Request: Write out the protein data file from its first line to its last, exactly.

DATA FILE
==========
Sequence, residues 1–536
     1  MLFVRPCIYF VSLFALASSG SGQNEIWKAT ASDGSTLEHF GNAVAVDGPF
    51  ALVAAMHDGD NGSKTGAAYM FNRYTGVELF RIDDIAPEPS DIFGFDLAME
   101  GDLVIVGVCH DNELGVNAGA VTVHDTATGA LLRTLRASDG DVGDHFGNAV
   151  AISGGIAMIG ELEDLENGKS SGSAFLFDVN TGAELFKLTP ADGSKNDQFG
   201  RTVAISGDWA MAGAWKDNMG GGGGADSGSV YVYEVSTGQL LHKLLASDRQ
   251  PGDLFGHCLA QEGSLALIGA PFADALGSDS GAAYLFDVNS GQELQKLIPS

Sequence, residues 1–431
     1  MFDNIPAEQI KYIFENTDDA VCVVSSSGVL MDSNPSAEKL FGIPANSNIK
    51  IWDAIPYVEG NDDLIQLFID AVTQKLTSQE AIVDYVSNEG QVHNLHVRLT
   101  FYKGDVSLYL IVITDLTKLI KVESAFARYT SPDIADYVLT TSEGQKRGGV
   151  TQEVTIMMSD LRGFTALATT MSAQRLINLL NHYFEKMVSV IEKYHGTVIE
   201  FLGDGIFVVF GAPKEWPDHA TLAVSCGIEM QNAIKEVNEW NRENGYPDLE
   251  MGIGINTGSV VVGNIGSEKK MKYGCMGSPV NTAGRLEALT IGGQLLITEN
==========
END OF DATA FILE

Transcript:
Sequence, residues 1–536
     1  MLFVRPCIYF VSLFALASSG SGQNEIWKAT ASDGSTLEHF GNAVAVDGPF
    51  ALVAAMHDGD NGSKTGAAYM FNRYTGVELF RIDDIAPEPS DIFGFDLAME
   101  GDLVIVGVCH DNELGVNAGA VTVHDTATGA LLRTLRASDG DVGDHFGNAV
   151  AISGGIAMIG ELEDLENGKS SGSAFLFDVN TGAELFKLTP ADGSKNDQFG
   201  RTVAISGDWA MAGAWKDNMG GGGGADSGSV YVYEVSTGQL LHKLLASDRQ
   251  PGDLFGHCLA QEGSLALIGA PFADALGSDS GAAYLFDVNS GQELQKLIPS

Sequence, residues 1–431
     1  MFDNIPAEQI KYIFENTDDA VCVVSSSGVL MDSNPSAEKL FGIPANSNIK
    51  IWDAIPYVEG NDDLIQLFID AVTQKLTSQE AIVDYVSNEG QVHNLHVRLT
   101  FYKGDVSLYL IVITDLTKLI KVESAFARYT SPDIADYVLT TSEGQKRGGV
   151  TQEVTIMMSD LRGFTALATT MSAQRLINLL NHYFEKMVSV IEKYHGTVIE
   201  FLGDGIFVVF GAPKEWPDHA TLAVSCGIEM QNAIKEVNEW NRENGYPDLE
   251  MGIGINTGSV VVGNIGSEKK MKYGCMGSPV NTAGRLEALT IGGQLLITEN